Student of the Month: Ahmad Abo Al-Borgol
Hometown: Damascus, Syria & Kuwait City, Kuwait
Major: Supply Chain Management
Bill Gates, Warren Buffet, Steve Jobs, Jeff Bezos, and Sam Walton. Everyone knows the names of the most successful business people in the world today. From Apple to Amazon to Walmart, these companies have profoundly changed the way the world operates. One name that you may not recognize, but will eventually place among the great innovators of the 21st century is Ahmad Abo Al-Borgol.
A young entrepreneur born in Syria and raised in Kuwait, Ahmad is determined to “make the world a better place” during his lifetime. Born to Syrian parents in Damascus, Ahmad attended primary school in Kuwait City and enrolled in a high school exchange program which took him to New Hampshire where he developed a love for the East Coast and the US education system. Despite his aspiration to go to a college in New York City, the international recognition of Michigan State brought him to East Lansing.
Ahmad started his studies at MSU as a pre-med student pursuing a career as a surgeon. He says that he was encouraged to go into the medical field by his family and friends in Kuwait where high-achieving students are expected to become prestigious doctors. Ahmad was prepared for 10 years of education and dedicated himself to his studies, but he found that he was not enjoying the subject as much as he wanted to. Instead, Ahmad found himself fascinated by stories of successful business people who created revolutionary companies such as Steve Jobs and Apple.
Ahmad’s entrepreneurial spirit can be traced back to his father, who owns and operates a wholesale retail company in Kuwait. After graduating this spring, Ahmad is interested in going back to Kuwait to work for his father’s company where he hopes to gain valuable hands-on experience to boost his future MBA application. Ahmad wants to pursue an MBA from an Ivy League university because it would give him the option to pursue a competitive job in corporate America, however, his options are currently limited due to the recent immigration ban on Syrian citizens. On the bright side, however, Ahmad recognizes his unique position as a graduate from an American institution: “An education from the US is very valuable in Kuwait. It will provide me with a better lifestyle there compared to the same position in the United States.” An MBA will also give him the opportunity to learn to create and operate his own companies, which is his main goal and biggest aspiration.
Ahmad feels like he has finally become the person he was meant to be after changing his major to Supply Chain Management. His studies have taught him how to be successful, stay positive, and work with passion. Ahmad says that one of the best things anyone can do to be happier is to “always wake up in the morning expecting something good to happen.”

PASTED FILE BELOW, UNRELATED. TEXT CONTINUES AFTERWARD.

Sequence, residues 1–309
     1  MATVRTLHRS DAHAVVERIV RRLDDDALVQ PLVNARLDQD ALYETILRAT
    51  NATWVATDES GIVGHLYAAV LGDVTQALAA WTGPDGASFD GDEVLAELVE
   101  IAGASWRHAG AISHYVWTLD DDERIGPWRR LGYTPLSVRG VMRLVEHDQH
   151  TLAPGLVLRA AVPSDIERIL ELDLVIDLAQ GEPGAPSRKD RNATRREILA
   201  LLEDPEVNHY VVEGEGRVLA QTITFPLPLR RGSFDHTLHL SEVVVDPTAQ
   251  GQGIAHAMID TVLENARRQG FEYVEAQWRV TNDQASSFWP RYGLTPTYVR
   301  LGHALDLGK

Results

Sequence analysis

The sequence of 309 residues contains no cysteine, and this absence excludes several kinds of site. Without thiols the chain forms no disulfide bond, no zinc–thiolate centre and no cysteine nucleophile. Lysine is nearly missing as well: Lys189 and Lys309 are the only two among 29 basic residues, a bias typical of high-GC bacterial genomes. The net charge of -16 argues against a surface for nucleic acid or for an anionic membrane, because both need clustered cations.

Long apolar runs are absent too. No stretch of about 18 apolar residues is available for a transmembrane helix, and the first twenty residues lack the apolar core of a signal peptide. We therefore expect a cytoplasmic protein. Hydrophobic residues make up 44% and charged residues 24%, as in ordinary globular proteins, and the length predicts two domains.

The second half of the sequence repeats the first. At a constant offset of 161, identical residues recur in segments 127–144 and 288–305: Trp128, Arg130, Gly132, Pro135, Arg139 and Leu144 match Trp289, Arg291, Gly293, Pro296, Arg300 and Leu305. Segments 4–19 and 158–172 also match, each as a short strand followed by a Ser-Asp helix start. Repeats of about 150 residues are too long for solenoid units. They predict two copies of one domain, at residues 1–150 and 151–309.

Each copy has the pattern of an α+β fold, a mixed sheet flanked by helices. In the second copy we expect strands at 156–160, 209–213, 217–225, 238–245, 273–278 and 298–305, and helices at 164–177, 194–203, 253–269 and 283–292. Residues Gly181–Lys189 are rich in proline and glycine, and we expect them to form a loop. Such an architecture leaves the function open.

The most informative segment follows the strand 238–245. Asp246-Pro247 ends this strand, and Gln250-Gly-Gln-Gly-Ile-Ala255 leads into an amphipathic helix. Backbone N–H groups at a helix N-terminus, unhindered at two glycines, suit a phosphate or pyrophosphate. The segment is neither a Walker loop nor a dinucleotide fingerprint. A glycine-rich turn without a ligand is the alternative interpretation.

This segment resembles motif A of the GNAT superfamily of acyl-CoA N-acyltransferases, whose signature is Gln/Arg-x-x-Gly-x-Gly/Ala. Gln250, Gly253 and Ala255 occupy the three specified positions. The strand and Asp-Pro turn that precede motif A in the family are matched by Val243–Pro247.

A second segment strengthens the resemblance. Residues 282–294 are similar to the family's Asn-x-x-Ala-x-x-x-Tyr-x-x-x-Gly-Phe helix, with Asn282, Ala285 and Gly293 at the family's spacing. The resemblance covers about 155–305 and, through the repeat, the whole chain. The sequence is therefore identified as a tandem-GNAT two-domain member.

Another way Ahmad has changed over the last two years has been to read more. Ahmad hated reading as a child, but he has come to learn the benefits of diving into a good book written by or about his business role-models. He says that “Warren Buffet reads about 500 words a day, and if he could have any superpower in the world it would be to read faster.” A few books that Ahmad recommends to fellow business majors are The Marketing Blueprint, The Walmart Effect, and The Personal MBA.
Another tip that Ahmad recommends to all students is to follow social media accounts of people who are in their dream job or who are in positions that they see themselves holding in 10 years. “To get to where they are, you have to become that person. Many of these successful people are educated, talented, and good at spreading awareness and sharing their experiences with others.” Importantly, Ahmad also cautions against too much lust and envy. “Human beings look up to people that have more than them, not less than them. We need to look at where we are relative to other people and be thankful for what we have. You won’t be able to go higher if you don’t understand where you are and how you got there.”
To be successful, Ahmad stresses the importance of being passionate. “Go after what you are really passionate about because that is what you are going to excel in. You’ll wake up every day with energy and new ideas and that will make you succeed.” In hindsight, Ahmad wishes that he would have learned this before he came to Michigan State. “If I were to change anything, I would have come to Michigan State to study what I am passionate about – business, not medicine.”
Ahmad has also been heavily involved in campus organizations during his time at MSU. He was the Director of Consulting for the General Management Association where he learned to work with local businesses in East Lansing and was introduced to the process of corporate consulting. Ahmad eventually became External Vice President for the organization and orchestrated some structural changes that he thought would benefit the efficiency of the organization. Ahmad also joined the Arab Culture Society as their ASMSU Representative, effectively representing Arab students in the student government. Again, he eventually became VP for this organization. Ahmad’s most recent endeavor was with Students Organized for Syria and their Books Not Bombs Campaign. This effort aims to provide scholarships to students displaced by the Syrian Civil War.
All students – international and domestic alike – should consider Ahmad as an example of what is possible when you chase your dreams. “I don’t want to regret anything when I am 80 years old,” says Ahmad, “I want to leave a mark and achieve something great.” Ahmad claims “opportunities come to people every single day, but sometimes we look so long at the doors that have closed, that we do not see the ones that open for us.” Opportunity is everywhere. Follow your passions, keep your head up and your eyes open. You too can leave your mark on the world.